Award winning manufacturer of IT-based building automation.
| Service and Maintenance:
the Key to Integrators Success
Building Technologies, Security & Fire
As the uncertain economic times continue to linger in many parts of the
world, integrators are increasingly focusing on service and maintenance
to remain profitable. Maintenance is seen by most systems integrators
as the area where they can make the most profit. Service contracts
generate regular revenues, allow the integrators to develop their
relationship with the customer, and provide an opportunity to win
On the other hand, installation has become one of the least profitable services provided by integrators. Many integrators sub-contact the installation because placing field units (such as sensors and actuators), running cables, and installing control panels can be done more efficiently by a third party.
Integrator profitability from installation services is unlikely to grow in the future. Reducing the costs associated with system installation is increasingly becoming a priority for building automation manufacturers. Adding features such as block programming and pre-configured logic, ensures a manufacturer’s controls and systems are easier to install and design into buildings. As a result, independent integrators are gradually becoming centres of engineering, providing their own front-end software and then commissioning the system rather than performing the installation.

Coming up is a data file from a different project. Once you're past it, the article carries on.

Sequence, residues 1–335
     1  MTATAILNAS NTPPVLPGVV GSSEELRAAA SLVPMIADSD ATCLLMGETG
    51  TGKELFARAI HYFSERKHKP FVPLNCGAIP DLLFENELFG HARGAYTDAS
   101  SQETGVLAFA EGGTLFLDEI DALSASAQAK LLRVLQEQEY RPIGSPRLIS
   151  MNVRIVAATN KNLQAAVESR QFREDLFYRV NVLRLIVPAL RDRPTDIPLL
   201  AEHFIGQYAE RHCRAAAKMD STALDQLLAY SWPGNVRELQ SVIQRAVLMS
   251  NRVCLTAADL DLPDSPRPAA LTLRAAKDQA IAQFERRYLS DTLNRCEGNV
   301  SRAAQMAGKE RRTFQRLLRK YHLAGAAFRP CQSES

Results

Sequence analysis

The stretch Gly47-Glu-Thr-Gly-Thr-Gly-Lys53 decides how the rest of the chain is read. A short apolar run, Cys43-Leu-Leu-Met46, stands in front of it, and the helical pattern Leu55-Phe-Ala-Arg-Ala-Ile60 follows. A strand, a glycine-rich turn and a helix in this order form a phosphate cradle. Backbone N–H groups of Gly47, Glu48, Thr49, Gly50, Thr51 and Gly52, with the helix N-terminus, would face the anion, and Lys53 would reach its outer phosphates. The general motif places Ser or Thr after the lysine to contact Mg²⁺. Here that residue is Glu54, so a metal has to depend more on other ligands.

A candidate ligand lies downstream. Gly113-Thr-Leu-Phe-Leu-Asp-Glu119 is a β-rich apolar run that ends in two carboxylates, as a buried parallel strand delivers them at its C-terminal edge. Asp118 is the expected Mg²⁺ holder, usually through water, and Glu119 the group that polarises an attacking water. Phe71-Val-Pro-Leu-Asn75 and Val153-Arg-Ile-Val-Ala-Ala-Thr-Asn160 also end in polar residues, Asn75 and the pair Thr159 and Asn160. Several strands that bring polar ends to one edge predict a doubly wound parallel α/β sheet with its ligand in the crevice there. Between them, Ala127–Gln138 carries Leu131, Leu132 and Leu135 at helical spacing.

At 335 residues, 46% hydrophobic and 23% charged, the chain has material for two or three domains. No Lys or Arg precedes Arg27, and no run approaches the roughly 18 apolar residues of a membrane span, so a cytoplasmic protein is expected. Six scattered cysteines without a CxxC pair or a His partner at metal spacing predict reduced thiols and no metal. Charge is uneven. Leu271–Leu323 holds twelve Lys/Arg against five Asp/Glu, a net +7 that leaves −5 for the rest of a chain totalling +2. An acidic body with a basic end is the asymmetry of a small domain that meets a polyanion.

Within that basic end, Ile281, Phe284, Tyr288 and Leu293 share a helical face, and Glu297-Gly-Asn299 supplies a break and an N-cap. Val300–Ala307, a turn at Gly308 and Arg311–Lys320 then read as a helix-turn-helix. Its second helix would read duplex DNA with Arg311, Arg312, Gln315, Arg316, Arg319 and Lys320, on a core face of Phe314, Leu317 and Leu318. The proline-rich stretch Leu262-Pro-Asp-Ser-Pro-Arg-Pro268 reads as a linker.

Despite the potential to maximise profitability from a maintenance contact, it is not always the easiest service to sell. During the installation phase of a project the integrators could be working on behalf of a mechanical contractor. In these circumstances the integrator may not have direct contact with the end-customer, preventing early discussions on the maintenance of the new control system.
If you can get in front of the end-customer, offering additional value-add services such as building analytics, remote monitoring and benchmarking will often help encourage a customer to sign a service and maintenance contract. Integrators can use value-add services to identify broken or faulty equipment and notify the customer, before they find it not working properly.
One strategy taken by integrators to win a service contract is to lower the installation margin they charge for the building automation equipment. Their aim is to take a short-term hit putting them in a better position to win the service and maintenance contract and return the desired profit on the project. In theory this strategy works well, but the installing integrator is not guaranteed the service and maintenance contract once the project is complete.
A recent report from IMS Research (recently acquired by IHS Inc. (NYSE:IHS)) titled Integrating Smart Building Systems – A Quantitative Market Analysis, estimated the market for building automation service and maintenance was worth $2.6 billion and $2.7 billion in EMEA (Europe, Middle East and Africa) and the Americas, respectively in 2011.
During the economic slowdown in 2009 and 2010, installations of building automation systems fell. This has had a continuing effect on the service and maintenance market in 2011 because the fall in installations left the market with fewer systems to maintain. This is forecast to continue to influence the market in 2012 and 2013. During the recession, many end-customers moved away from preventative maintenance towards a ‘per visit’ (or when something breaks) maintenance. Increasingly end-customers are forecast to move towards more continuous commissioning contracts which over time ensure their system runs as efficiently as possible and the energy savings remain, or in some cases increase.
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